A new study published by the American Psychological Association indicates that the daughters of women who give birth at age 30 or later are more likely to experience symptoms of distress than the daughters of younger mothers. Sons felt no effect of their mothers’ ages, and fathers’ ages also did not affect the kids.
According to the report in the Journal of Abnormal Psychology, the older the mother, the more adverse symptoms reported by the daughter. Compared to daughters of mothers under 30 at birth, girls whose mothers were 30-34 had higher levels of stress, while daughters of mothers over 35 had the highest levels of stress, depression and anxiety.
Jessica Tearne, a doctoral student at the University of Western Australia and lead author of the study, proposed two hypotheses to explain the research. One is that there’s a larger generational gap between older mothers and their daughters, which could lead to tension in the relationship.
“Older mothers may have more difficulty understanding or relating to the world their teen daughters live in,” Jill Weber, a clinical psychologist (who was not involved in the study) in Washington, D.C., tells Yahoo Parenting, “but it’s hard to imagine that variable alone would set them up for more distress.”
Tearne’s second theory is that older moms might be having health issues associated with aging by the time their daughters are teenagers, which could cause family strain — and daughters have been shown to be more affected by their mothers’ health problems than sons.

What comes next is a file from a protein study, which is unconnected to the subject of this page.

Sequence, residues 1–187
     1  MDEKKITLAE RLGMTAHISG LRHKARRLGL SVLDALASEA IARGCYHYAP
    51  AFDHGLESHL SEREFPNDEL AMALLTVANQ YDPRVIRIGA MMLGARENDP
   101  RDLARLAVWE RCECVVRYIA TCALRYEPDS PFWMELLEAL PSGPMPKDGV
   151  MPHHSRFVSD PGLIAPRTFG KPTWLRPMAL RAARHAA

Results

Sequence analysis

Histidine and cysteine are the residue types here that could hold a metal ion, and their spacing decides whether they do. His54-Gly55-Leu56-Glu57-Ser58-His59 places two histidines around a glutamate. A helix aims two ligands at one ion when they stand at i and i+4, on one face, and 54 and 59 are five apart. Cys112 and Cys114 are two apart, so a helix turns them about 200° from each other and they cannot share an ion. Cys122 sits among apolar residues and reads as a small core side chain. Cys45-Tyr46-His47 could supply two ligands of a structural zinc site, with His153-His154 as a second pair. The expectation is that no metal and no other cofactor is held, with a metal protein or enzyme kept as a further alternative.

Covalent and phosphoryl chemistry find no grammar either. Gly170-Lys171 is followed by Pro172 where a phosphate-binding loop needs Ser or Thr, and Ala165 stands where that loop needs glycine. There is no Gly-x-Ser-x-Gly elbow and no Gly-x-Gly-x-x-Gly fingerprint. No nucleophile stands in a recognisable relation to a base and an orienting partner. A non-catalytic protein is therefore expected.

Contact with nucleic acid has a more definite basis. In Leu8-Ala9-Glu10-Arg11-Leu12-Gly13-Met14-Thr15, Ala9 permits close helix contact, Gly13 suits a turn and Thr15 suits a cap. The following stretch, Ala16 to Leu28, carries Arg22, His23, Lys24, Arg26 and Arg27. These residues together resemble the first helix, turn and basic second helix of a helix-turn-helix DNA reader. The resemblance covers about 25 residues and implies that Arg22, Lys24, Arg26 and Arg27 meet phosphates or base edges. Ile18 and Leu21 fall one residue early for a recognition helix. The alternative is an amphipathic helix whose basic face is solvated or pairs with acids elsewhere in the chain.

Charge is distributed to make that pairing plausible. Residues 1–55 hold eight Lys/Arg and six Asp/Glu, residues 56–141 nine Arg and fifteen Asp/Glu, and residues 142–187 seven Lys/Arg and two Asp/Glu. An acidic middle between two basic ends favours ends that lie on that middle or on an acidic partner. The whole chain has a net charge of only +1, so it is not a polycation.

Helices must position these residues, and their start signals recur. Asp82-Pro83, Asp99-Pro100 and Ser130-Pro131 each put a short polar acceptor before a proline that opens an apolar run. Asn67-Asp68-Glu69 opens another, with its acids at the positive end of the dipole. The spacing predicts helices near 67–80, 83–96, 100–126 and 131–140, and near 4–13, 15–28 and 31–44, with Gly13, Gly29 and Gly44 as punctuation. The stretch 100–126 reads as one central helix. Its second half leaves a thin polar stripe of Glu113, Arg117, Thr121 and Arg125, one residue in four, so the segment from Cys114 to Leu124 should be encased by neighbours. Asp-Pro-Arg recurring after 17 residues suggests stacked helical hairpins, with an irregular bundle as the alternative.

Weber is skeptical of this idea, though: “It’s hard to imagine every person in the study’s mother had a health issue,” she says. “Fifty is not 80 so it’s likely some of these mothers were perfectly healthy.”
Weber notes that the study does not demonstrate that increased maternal age cause distress for daughters, but it does show that there is a correlation or relationship between the two. “There may be a third variable contributing here,” says Weber, noting that it’s possible that older mothers talk about or label emotions more than younger mothers, so the girls in the study could be more comfortable acknowledging their stress and anxiety. “Perhaps the daughters of younger mothers also have distress but are not as comfortable reporting it,” she suggests.
An alternate possibility, according to Weber, is that girls with older mothers may not feel as comfortable sharing experiences with their moms if they think they’re moms won’t “get it,” so they could choose to bottle up feelings, which creates more anxiety.
Another potential issue: “There may also be fertility struggles for the older mothers that lead to more protective or anxiety-prone parenting, which trickles down to the daughters,” says Weber.
The scientific summary of the findings notes that further research is needed. Monique Robinson, PhD, another author of the study, said in the news release, “It is important to remember, too, that the study examined symptoms of distress, rather than clinical diagnosis.”
This article first appeared on ‘Yahoo Parenting’ on 19 November 2015.